Maukwa Mishomis (Bear Grandfather), otherwise known as Rick Guardipee (he even answers to Ted) informs us that his real name in his native tongue covers two lines on a page. So we call him by Maukwa Mishomis, his latest title.

He is of Blackfeet ancestry, his mom from Montana and father from Lethbridge. He was born on the border between our two countries. He must have grown up on a high meat protein diet as he towers over everybody at 6 foot 7 inches. Us poor vegetarians can't hold a carrot stick up to him, so whenever we hugged him, we never got any further than his belly. He informed us he already lost 100 lbs, and I'm still struggling with my 10 lbs. loss. He was in a lot of pain from walking. He said those Ontario hills are a nightmare (thanks!).

He felt bad about attempting to break into the White Press, as he calls it. They ignore him because he's INDIAN, and Winnipeg proved him right. I do better with my own people, he stated. But somehow we felt that combining our strength (as I get nowhere on the reserves) would make a difference. We talked on the Radio (CJOB), and the announcer literally laughed at us because 'there is nothing wrong with the water'; and when Bear Grandfather mentioned a big thank you - MEG WECH to his people, the interviewer cut off the calls which encouraged what we were doing. I smell the odor of prejudice.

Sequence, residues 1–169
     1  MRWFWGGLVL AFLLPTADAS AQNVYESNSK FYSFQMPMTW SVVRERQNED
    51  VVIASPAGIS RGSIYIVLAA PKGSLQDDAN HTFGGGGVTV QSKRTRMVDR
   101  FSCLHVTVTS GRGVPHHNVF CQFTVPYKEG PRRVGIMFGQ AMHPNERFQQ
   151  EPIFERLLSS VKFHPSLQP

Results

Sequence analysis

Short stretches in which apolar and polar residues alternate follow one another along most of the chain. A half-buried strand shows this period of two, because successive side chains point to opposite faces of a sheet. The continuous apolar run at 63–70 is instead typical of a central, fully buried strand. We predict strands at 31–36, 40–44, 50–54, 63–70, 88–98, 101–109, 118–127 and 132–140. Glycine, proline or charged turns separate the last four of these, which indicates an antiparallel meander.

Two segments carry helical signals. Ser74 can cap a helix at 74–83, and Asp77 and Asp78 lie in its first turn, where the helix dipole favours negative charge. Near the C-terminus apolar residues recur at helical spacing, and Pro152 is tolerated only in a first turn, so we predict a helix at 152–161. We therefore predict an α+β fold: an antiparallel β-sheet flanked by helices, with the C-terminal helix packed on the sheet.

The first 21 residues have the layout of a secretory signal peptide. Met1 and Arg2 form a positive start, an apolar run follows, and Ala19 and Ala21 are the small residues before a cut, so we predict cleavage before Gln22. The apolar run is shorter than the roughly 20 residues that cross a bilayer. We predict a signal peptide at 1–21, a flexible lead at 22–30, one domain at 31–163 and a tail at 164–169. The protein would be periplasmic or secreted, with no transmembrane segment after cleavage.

Later when we went to the First Nation newspapers, Bear Grandfather got a better response than me. Anyways, I tried my best to bridge the gap between our people.

On Saturday, August 8th, we marched through the city right on the road. The police told us we weren't Sheldon Kennedy, and to get on the sidewalk. Jim Mickarz[sp.?] joined us, his son started Earth First in Manitoba. He, Kerry and Bear Grandfather proudly led the procession, carrying the Sundance Staff, loaded with Medicine Bags, eagle feathers and the skin of a bear that Maukwa Mishomis had to battle in his younger days.

Behind these great warriors was a procession of women and whining babies. The kids did well, but were fried in the heat, and the adults ended up walking while the kids slowly filled Flo-mo. Everybody noticed us.